This project ‘The Prevention Conversation: A Shared Responsibility’ focuses on engaging communities in conversations about drinking during pregnancy or drinking before a woman even knows they are pregnant. The project is based on the first and second levels of the Four-Part Model of Prevention (PHAC, 2008).
It is important for women and their partners to have access to information and services related to prenatal alcohol use. The communication strategy and messaging component of the project will focus on raising public awareness of the negative effects of binge drinking during the early stages of pregnancy. As outlined in the Four-Part Model of Prevention, this first level will utilize community development strategies to raise awareness among the target populations, highlight support mechanisms and promote involvement by community members and primary care providers (PHAC, 2008).
Supporting primary care providers to develop the necessary skills to engage in non-judgmental, empathetic conversations about alcohol use is paramount in the prevention of FASD. The second project component will focus on community engagement as a means to train and support primary care providers in the use of screening tools and techniques to engage women in the ‘prevention conversation’. Level two of the Four-Part Model of Prevention promotes the use of collaborative discussion on alcohol use and related risks with all women of child-bearing age and their partners (PHAC 2008). If you would like more information on the FASD Prevention Conversation, A Shared Responsibility project, please click on www.preventionconversation.org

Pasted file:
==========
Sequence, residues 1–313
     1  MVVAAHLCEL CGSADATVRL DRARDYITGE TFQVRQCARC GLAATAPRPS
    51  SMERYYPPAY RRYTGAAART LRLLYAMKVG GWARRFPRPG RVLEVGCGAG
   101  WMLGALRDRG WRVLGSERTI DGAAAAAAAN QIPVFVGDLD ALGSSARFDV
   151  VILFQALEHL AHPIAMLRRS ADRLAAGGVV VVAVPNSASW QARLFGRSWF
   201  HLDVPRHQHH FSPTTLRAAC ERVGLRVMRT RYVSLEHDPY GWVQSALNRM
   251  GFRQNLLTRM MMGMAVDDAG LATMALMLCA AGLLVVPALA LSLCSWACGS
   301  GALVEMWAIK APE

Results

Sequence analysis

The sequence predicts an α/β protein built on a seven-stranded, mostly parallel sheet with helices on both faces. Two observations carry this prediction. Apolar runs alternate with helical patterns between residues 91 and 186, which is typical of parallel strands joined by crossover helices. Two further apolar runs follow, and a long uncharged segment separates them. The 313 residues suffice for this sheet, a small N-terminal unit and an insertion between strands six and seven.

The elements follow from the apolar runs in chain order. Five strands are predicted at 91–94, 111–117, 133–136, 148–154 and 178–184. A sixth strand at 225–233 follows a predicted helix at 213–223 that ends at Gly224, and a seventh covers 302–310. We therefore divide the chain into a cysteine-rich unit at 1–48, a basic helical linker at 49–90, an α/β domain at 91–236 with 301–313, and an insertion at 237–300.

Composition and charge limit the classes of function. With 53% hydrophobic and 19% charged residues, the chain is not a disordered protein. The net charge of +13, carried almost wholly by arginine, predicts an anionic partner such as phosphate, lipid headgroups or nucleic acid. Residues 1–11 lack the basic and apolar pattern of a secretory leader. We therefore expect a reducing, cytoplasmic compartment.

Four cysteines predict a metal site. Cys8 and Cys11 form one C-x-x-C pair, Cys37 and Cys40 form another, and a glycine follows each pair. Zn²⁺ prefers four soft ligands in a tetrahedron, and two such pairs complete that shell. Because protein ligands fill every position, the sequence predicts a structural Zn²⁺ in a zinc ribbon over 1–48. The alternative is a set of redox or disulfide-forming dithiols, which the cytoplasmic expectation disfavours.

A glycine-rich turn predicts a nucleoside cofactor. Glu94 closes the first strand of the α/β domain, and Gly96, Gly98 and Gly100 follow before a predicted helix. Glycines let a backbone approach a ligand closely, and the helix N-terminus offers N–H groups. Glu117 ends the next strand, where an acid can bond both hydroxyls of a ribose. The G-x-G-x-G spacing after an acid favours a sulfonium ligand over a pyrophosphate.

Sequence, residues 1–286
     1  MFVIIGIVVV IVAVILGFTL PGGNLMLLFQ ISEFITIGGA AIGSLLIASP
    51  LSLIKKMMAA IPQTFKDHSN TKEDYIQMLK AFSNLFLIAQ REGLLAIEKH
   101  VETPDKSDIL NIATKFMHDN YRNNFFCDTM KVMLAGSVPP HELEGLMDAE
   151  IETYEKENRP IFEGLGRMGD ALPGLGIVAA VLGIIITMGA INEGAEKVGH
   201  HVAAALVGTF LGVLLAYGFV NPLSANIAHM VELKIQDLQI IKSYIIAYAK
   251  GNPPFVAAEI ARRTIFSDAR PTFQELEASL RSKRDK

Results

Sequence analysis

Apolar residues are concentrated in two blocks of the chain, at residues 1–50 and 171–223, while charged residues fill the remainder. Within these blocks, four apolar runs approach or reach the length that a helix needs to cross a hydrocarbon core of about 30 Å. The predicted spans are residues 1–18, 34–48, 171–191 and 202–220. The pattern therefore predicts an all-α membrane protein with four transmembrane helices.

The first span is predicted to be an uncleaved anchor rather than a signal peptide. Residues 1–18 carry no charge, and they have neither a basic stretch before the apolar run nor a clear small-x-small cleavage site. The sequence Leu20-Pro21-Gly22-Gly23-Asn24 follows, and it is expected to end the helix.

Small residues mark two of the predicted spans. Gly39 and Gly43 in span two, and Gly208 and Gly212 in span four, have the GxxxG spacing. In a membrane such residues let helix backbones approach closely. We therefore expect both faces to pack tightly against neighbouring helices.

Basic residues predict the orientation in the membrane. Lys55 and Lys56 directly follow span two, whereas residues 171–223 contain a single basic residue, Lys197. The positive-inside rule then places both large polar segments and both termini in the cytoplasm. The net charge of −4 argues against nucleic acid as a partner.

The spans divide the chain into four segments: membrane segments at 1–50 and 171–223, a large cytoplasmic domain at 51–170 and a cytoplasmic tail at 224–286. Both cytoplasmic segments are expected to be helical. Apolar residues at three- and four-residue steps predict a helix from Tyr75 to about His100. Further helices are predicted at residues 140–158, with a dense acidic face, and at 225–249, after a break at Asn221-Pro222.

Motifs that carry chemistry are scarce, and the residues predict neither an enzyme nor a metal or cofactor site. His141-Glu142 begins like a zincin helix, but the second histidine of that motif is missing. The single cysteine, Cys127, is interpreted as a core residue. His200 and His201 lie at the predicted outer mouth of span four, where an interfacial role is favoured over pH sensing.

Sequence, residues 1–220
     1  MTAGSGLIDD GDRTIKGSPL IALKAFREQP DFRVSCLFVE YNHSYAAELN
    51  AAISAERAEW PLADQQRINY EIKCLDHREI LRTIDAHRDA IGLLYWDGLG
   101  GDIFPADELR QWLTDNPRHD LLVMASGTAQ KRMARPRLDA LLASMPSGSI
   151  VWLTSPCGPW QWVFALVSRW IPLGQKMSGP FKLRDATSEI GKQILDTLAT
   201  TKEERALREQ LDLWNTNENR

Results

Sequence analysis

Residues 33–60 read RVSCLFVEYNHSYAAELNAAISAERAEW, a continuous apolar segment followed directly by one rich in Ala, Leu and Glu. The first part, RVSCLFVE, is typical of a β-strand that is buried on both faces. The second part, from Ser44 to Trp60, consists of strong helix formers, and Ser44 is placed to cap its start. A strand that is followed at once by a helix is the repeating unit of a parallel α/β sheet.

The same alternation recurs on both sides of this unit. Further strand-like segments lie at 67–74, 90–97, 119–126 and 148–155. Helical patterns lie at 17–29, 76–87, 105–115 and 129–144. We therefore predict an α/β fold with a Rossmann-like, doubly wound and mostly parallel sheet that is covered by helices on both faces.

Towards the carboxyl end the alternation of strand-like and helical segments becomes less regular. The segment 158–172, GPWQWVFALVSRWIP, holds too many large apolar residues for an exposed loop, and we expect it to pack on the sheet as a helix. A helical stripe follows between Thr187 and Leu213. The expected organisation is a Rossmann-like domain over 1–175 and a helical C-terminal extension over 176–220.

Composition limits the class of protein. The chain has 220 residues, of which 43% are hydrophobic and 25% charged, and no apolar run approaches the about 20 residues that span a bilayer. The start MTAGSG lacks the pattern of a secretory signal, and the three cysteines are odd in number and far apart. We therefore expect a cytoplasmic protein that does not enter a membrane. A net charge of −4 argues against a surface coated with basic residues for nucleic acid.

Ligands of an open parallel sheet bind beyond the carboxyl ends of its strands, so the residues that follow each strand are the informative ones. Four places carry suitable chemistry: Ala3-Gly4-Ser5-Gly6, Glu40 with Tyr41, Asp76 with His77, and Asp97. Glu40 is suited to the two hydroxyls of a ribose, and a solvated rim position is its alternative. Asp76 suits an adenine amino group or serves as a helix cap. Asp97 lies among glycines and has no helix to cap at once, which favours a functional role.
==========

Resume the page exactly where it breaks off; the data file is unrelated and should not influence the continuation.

1) Increase the capacity of health and social service providers across the province to educate and support women and their partners using evidence-based practices to screen for alcohol use in pregnancy and intervene appropriately and effectively.
2) Increase awareness among women of child-bearing age and their partners about the effects of binge drinking during pregnancy with a focus on early stage when pregnancy status may not be known.
3) Increase knowledge of community resources available to women and their partners who may be concerned about alcohol consumption during early pregnancy.
4) Create community connections between the health and social services and the FASD Service Networks to develop wrap around services.
1) Health and social service providers across Alberta have increased knowledge, skills and confidence to effectively discuss alcohol use in pregnancy and intervene appropriately and effectively with women of child-bearing age and their partners.
2) Health and social service providers create a safe environment for women to discuss alcohol consumption during early pregnancy.
3) Women of child-bearing age are informed and aware of the risks associated with alcohol use in pregnancy in a non-judgemental way and of community resources and supports that are available to them.
4) Consistent messages are provided to women and their partners/families about the risks of alcohol consumption in pregnancy with a focus on early stages when pregnancy status may not be known.
5) These strategies will contribute to prevention and mitigate against the lifelong costs of FASD.
Primary: Health and social service providers that work with women of child-bearing age across Alberta.
Secondary: Women and their partners of child-bearing age in Alberta
For more information please contact:
the Network Coordinator, Lisa Rogozinksy at Lisa.Rogozinsky@catholicsocialservices.ab.ca
or the Prevention Conversation Facilitator, Ashley Baxter at email@example.com